Now my grandpa lives with uncle John and although his beekeeping days are past, I found a gift that I'm actually excited about: the gift of a beehive purchased in his name to go to a family in a developing country through Heifer International! My mom and I had the exact same idea, so that is what we will be gifting Grandpa this year for Christmas.

If you are struggling to think of a gift for someone you know who doesn't have many material needs and would find it meaningful to provide a family in a developing country with livestock, seeds or training, consider Heifer International! They are committed to eliminating world hunger and poverty by providing families with sustainable sources of income, and I can't think of a better vision to support.

Wednesday, December 8, 2010

Behind the Wheel

I have a sad confession: I look at little, tiny babies, and I don't remember Gigi being so small! I know I birthed her, so she must have been littler at one point, but she and her big personality have outgrown my ability to recall with clarity what it was like to have a tiny baby.

So, in my efforts to capture her at least weekly, I've started taking photos and short video clips of this quickly growing girl. Here she is, driving at nearly 8 months!

Thursday, December 2, 2010

Giving Thanks 2010

Thinking back on this Thanksgiving makes me think of traditions and how some of them transition over time. Some traditions we transitioned this year, and some we are already planning to transition next year.

For example, one of our transitioned traditions this year was location. Those of you who are long time friends know that every year, we do thanksgiving in New Jersey with my dad and co., and our Thanksgiving meal is always enjoyed in the green house in dad's backyard. This year, however, we were not even near the green house or dad's backyard. In fact, we were near the beach.

This is the beach house dad and Emili rented one block from the Jersey Shore in a perfect little town named Spring Lake. The house slept 20 people, so the 16 of us that stayed all five nights were very comfortable. In fact, the teenagers of the family played musical beds and rotated each night just for fun.

Last year at Thanksgiving I was about 4 months pregnant, so having Gigi around for the festivities this time around was very fun. Being the only person under 13 years of age, she was very popular. My dad, Emili and pretty much Emili's entire family are either psychologists, doctors, veterinarians, or pharmacists, so common comments about her went something like, "Wow, her social development is very advanced" or "that might get lodged in her esophagus".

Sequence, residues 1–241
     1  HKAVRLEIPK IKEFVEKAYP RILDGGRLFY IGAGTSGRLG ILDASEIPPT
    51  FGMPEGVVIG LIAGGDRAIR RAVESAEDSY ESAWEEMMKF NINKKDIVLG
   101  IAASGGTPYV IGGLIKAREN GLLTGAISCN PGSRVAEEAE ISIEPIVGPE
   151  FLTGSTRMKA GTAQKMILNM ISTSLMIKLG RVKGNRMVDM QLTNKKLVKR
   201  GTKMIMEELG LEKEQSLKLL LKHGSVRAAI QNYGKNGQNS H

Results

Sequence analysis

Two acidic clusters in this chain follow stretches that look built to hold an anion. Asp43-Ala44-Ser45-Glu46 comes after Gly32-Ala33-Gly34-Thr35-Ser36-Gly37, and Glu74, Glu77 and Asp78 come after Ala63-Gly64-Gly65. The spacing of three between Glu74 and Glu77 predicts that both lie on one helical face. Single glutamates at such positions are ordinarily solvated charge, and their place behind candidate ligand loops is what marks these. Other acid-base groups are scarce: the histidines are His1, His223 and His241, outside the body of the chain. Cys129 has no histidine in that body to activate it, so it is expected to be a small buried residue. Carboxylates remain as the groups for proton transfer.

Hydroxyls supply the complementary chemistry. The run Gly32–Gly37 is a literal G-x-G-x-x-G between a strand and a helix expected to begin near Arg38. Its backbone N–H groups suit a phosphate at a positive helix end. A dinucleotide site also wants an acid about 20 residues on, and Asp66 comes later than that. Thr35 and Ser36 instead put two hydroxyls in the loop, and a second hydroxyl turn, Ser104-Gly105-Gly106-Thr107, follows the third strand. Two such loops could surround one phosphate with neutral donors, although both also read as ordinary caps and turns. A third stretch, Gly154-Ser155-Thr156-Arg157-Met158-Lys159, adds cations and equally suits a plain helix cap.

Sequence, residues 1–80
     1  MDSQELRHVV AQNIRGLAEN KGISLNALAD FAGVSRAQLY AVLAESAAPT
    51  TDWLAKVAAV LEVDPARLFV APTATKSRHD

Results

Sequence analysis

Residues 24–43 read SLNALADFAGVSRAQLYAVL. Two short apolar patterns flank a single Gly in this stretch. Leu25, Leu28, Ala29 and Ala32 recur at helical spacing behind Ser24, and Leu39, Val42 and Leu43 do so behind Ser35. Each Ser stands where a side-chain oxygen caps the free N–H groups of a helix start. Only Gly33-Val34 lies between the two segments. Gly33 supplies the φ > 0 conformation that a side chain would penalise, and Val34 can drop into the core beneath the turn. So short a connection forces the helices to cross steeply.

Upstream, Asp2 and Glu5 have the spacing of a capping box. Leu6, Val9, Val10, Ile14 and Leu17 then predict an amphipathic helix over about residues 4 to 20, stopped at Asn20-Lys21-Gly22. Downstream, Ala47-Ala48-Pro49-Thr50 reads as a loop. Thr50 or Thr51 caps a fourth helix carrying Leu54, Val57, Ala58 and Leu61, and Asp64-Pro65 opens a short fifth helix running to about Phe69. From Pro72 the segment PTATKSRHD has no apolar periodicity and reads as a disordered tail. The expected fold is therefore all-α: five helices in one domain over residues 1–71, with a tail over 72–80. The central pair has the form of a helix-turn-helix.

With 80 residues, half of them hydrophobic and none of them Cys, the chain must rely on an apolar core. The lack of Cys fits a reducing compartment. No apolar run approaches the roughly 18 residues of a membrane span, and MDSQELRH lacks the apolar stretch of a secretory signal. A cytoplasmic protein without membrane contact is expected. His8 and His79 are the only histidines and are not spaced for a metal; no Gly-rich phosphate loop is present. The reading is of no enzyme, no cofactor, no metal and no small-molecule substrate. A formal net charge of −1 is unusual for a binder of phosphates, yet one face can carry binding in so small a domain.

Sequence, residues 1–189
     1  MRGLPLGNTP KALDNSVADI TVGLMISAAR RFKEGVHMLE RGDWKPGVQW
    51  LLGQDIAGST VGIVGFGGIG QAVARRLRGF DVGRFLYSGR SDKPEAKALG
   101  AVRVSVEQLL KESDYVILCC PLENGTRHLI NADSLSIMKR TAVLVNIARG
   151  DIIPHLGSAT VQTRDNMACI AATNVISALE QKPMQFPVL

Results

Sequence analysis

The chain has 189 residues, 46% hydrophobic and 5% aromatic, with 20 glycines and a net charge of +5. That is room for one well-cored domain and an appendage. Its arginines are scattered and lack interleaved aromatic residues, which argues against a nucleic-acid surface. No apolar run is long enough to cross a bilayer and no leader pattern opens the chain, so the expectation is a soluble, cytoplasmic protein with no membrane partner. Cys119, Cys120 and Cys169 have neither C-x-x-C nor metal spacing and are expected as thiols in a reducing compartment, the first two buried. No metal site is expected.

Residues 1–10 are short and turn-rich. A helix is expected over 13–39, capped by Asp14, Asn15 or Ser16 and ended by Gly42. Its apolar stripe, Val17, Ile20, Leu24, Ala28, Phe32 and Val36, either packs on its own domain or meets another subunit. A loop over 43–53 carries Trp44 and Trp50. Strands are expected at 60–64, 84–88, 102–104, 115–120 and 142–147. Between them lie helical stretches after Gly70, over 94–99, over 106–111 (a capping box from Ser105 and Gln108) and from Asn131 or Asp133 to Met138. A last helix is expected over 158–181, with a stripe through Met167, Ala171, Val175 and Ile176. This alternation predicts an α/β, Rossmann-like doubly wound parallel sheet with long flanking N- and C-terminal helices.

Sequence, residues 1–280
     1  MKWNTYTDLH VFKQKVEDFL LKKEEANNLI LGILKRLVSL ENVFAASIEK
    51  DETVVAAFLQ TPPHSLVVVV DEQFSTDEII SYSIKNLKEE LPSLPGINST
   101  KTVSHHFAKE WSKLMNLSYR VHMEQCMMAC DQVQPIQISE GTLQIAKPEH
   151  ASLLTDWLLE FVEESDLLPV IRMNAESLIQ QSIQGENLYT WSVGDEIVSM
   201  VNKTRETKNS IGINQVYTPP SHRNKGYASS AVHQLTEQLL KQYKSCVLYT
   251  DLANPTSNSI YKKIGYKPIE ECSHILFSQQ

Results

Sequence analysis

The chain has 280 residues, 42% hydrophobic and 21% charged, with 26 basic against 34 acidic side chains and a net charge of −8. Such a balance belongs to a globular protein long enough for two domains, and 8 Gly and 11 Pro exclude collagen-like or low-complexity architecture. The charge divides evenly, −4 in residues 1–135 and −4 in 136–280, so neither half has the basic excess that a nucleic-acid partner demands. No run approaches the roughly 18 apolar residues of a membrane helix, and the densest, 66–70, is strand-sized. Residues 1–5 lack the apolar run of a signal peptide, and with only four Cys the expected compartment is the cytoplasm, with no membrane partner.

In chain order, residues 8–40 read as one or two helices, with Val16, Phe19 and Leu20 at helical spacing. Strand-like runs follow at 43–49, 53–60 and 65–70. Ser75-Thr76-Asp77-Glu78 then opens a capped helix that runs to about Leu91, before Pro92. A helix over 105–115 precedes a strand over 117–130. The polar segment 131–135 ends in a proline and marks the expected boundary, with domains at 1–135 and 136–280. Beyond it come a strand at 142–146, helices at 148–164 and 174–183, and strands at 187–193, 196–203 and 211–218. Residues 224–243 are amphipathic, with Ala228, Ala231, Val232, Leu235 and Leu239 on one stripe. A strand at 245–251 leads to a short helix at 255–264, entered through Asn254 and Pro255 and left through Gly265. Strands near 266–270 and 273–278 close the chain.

One of the finest things about our location this year was that with the wide sprawling blocks of Spring Lake, the beautiful lake at night, and the boardwalk on the beach, we had ample destinations for walks or bike rides. Each day, a few groups of family members would spill out of the house bundled up against the winter ocean wind, and go for walks to enjoy each other's company and walk off lunch or dinner. Although the beach was really pretty, my favorite destination was the lake at night. The lake was small enough to walk around in an hour or so, and at its narrow points there were two bridges spanning the lake which were lit up with beautiful lights that reflected off of the water. It was really quite magical.

And on to the Thanksgiving feast! Our beach house had a dining room table which perfectly sat the entire group, and I have to admit, being indoors was a bit more comfortable and warm than the green house experience, although the green house is hands down the more charming of the two. One of the traditions that will be transitioning next year? No more roast beast! Yes, we are officially cutting the turkey out of the menu. I guess the seitan and tofurkey that the vegan and vegetarian cooks prepared this year outdid the roast beast, and so it is being ousted.

What a beautiful beach! On the day after Thanksgiving, my dad and his friend Mike went on a walk with Marcos and me and we walked the length of the boardwalk.

On Friday afternoon my dad and Emili hosted some friends they had invited to join us at the beach house. One friend who came had a little girl named Sophia, and she was very close in age to Gigi. Watching the two of them reminded me how busy Gigi is! So curious, so busy, so much movement!

And then on Saturday, true to tradition, we headed to New York City. This time Marcos drove, instead of us taking the train in, and let me just say I'm glad it was him and not me. He was remarkably calm even in the chaos of people pulling into our lane just inches from our car, while I was busy having heart attacks in the passenger seat.

Over on 69th street, just a half a block from the West side of Central Park, we found a parking garage that held our car for 10 hours for $22. It was such a steal for New York City. Below is our little bear bundled up. It was bitterly cold, especially in the wind, so Gigi got to ride in our friend's umbrella stroller in her bear get-up. We were a little nervous about how things would be this year, with a baby in tow.

One of the things I really wanted to do this year in New York City was find and EAT famously good food. I mapped out Magnolia Bakery, and we made it! Our favorite was the key lime cheesecake.

And then {ahhh} Central Park. I would live there, if living in Central Park didn't mean that you were homeless!

One of Marcos' Daddy Dreams was to take Gigi to the Carousel in Central Park. I think that her reaction was sufficiently satisfying.

I don't know whose brainchild this was, but Saks Fifth Avenue had an incredibly cool light show projected onto the facade of their building. We were just minding our own business in Rockefeller Center when the show started, and it was frankly pretty amazing.

Cute Elizabeth in Anthropologie at Rockefeller Center. There are only a few times when I wish I were rich, and being in Anthropologie is one of those times.

To finish off our evening, we ended at Time's Square, which is as bright as day in the middle of the night! Fortunately Gigi had fallen asleep by that time, and we were able to walk slowly back to the car and say farewell to New York City with a final dose of insane car maneuvering on our way out of the city. And you know, after four years of Thanksgiving hurrahs, we may not be back next year. We've been thinking about having Giovanna as a 20-month old in NYC, and we might opt for a new city or decide to do something entirely new.

And that was Thanksgiving 2010. So much to be thankful for!